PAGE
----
As evident from earlier research, pregnant women receiving four or more ANCs were more likely to have skilled attendance at birth. [7],[19],[20] However, only around one-third participants in the present study received four or more ANCs. It was comparable with the figure noted in NFHS-3 for India, but far less than that of north Ethiopia and rural Uganda. [17],[18],[21] However, coverage of three or more ANCs was better than the figures reported in DLHS-3 for Uttar Dinajpur and West Bengal as well as by Agarwal et al. [10],[14],[15] In this study, less than 50% women had institutional delivery, which is much higher than the corresponding figures noted in DLHS-3 report for Uttar Dinajpur and comparable with that of NFHS-3 report for West Bengal and India. [14],[16],[17] The picture in Indore city was far gloomy, whereas that of north Ethiopia and Burkina Faso was fair compared with the present study. [10],[18],[20] The linkage of monetary incentives like JSY and referral transport scheme might be the reason, especially in poor and marginalized section. [22]

Lack of liquid cash in resource constrained setting and availability of vehicle especially in remotest areas in emergencies are a major hindrance to access skilled care. [6],[23] Therefore, saving money to meet the cost of accessing skilled healthcare and arrangement of a vehicle for emergency transportation are two vital steps in BPCR. [5],[23] However, less than half of the study population had saved money or identified a vehicle for transportation in emergency. Comparable proportion of women in Rewa saved money, but the figures were better in Indore and Burkina Faso. [9],[10],[20] Identifying a vehicle beforehand was better in Rewa, Burkina Faso, and Kenya but comparable in Indore. [9],[10],[20],[24] Ethiopian figures in both the indicators were far less. [18] Awareness of Government cash incentive was found to be high and that of referral transport schemes was poor, corroborating the findings of Kushwah et al. [9]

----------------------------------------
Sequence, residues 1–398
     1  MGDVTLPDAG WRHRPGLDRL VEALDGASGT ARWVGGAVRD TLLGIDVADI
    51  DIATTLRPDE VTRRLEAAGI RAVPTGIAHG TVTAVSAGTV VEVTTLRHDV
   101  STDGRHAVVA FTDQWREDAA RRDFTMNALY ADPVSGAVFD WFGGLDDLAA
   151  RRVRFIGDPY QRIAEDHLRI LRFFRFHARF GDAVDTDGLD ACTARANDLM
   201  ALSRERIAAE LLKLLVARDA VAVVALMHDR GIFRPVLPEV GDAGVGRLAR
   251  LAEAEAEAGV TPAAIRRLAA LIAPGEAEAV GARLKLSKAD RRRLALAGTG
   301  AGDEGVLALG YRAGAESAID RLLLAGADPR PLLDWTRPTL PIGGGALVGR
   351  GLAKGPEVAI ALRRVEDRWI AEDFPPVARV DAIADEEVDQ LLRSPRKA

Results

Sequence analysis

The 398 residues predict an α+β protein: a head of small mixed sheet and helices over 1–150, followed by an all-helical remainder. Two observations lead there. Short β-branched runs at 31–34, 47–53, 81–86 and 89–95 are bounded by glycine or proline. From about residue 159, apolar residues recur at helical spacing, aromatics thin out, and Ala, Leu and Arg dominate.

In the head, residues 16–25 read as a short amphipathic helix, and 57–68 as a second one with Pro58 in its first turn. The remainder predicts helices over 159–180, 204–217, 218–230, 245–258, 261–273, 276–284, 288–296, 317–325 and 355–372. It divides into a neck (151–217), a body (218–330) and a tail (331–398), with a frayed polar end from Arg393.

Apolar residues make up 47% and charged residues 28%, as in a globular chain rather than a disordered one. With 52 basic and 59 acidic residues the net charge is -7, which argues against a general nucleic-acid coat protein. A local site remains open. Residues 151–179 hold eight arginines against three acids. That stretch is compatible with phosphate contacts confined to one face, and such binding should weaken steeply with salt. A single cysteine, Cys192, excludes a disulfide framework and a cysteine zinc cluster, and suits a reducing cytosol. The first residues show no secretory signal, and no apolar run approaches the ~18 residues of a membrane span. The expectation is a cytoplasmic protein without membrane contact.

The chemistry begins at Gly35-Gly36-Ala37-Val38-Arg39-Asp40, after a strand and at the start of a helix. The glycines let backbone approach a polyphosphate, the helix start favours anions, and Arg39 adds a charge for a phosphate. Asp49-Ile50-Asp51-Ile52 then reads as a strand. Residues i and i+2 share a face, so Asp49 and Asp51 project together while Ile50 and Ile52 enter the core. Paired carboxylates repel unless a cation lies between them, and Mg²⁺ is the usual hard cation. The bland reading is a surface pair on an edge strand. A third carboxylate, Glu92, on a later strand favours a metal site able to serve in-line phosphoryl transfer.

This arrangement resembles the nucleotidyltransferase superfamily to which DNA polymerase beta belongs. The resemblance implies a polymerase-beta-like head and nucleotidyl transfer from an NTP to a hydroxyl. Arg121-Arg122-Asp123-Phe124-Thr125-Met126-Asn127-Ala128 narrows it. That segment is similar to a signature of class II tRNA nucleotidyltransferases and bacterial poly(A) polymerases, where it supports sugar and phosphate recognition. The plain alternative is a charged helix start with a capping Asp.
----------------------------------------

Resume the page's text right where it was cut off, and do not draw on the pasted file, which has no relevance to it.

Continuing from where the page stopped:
Knowledge of the danger signs of obstetric complications is the first step to seek timely care at appropriate health facility. [6] In the present study, proportion of women aware of at least one key danger sign each of pregnancy, labor, postpartum, and newborn ranged from as low as 12.1% to 37.2%, which indicated a dismal picture of health communication with the beneficiaries. Condition was far better in all other previous studies. [9],[10],[18],[20],[21]

Identification of a blood donor for obstetric emergency did not seem to be an important issue to the respondents. The corresponding figures from north Ethiopia were far less, whereas that of Kenya was much better. [18],[24]

Interestingly, women of backward castes and BPL families were more likely to follow BPCR practices. As reported in earlier studies, Muslim women and those having less than 5 years of education showed reluctance in it. Community practice and religious belief played crucial role in accessing formal care. Education was also recognized as a change agent. Similarly awareness on availability of government schemes was more prevalent among women of Hindu religion, backward castes, BPL families, and those with 5 or more years of education. This paradoxical finding of better picture among women of backward castes and BPL families might be linked to the availability of cash incentives.